For the West, there should be no turning back now. If the regime is left unpunished, Assad will become even more ruthless. The reverberations of Western inaction would be felt elsewhere too: America's enemies are surely paying attention. Obama may be extremely reluctant to act but even he should understand that it never had to come to this: had he been more decisive before, all this could have been avoided. But Obama, with his doctrine of realpolitik, was caught completely off guard by the Arab revolts that beautifully demonstrated the power of ideas, ideas that Obama's predecessor believed were not as alien to the ordinary Arab as was commonly and fashionably thought. America can now demonstrate that it stands behind those ideas by putting its money where its mouth is instead of being obsessed with maintaining the status quo, i.e., the one where ruthless dictators are kept in power for the sake of stability, breeding resentment toward America among the common folks.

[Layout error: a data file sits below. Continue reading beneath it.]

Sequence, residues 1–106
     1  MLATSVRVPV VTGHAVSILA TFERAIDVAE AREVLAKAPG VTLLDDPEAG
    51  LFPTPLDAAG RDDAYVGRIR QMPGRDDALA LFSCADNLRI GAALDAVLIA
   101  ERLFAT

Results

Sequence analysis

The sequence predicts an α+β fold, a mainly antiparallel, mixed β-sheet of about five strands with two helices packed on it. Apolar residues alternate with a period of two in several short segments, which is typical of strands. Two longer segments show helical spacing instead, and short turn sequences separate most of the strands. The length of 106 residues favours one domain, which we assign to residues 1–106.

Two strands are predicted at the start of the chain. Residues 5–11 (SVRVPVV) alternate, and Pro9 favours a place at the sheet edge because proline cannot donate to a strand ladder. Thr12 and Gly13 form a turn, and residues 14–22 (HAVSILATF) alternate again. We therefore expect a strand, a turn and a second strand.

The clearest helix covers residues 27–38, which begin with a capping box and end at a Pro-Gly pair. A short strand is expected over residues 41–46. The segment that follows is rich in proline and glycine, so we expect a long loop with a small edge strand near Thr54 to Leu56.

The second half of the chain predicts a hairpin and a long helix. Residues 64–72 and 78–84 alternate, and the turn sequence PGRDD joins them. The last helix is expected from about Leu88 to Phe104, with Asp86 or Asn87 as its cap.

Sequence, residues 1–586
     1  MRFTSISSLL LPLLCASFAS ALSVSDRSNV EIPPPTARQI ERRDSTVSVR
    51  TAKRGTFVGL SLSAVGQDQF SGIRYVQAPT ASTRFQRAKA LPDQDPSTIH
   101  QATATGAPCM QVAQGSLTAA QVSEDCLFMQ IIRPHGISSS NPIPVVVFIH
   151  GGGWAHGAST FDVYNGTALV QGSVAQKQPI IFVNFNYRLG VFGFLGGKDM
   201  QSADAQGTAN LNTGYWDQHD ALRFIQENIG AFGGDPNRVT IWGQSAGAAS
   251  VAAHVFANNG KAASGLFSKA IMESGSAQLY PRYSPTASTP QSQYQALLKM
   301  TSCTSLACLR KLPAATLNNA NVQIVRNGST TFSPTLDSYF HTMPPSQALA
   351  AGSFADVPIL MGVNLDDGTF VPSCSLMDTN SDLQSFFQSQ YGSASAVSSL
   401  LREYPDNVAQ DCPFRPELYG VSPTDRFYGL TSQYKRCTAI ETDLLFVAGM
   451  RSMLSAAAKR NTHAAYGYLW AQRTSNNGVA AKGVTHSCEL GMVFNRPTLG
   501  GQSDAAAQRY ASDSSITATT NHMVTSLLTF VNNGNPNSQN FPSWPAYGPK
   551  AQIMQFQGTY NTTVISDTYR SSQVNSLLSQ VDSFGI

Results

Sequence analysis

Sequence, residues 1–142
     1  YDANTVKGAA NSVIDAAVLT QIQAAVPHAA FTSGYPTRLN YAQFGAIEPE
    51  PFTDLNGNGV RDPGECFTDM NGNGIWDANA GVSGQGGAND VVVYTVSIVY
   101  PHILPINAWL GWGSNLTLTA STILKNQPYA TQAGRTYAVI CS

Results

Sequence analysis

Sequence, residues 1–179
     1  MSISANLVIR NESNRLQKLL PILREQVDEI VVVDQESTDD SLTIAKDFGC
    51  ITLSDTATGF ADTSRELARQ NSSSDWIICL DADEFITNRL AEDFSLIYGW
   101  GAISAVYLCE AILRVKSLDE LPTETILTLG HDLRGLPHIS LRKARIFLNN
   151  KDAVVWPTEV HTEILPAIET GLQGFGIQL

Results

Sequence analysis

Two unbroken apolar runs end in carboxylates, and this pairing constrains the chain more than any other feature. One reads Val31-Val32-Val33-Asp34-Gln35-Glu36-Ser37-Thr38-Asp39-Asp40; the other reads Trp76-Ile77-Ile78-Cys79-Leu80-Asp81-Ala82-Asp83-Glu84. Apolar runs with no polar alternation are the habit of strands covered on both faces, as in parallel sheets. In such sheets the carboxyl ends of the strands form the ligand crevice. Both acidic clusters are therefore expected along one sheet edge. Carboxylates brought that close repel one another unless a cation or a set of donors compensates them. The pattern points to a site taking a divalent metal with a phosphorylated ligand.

To be sure, there are no easy solutions to the situation in Syria or the Greater Middle East in general. Arming moderate forces (probably easier said than done) within the opposition should alleviate the problem America faces with respect to Islamic rebels. Keeping boots off the ground seems like a no-brainer. As in Libya, air strikes and cruise missiles may be an effective and cheap solution (it should be noted that the West may wish for a regime change but doesn't seem eager to set that as an objective), contributing virtually nothing to America's long-term budget problems (which result from entitlement spending) while providing the kind of assets against the regime the rebels never could have dreamed of. In the long run, it can only be hoped that the ongoing revolutions mark the beginning of the end of autocracy in the Middle East, just as the 1848 revolutions did in Europe.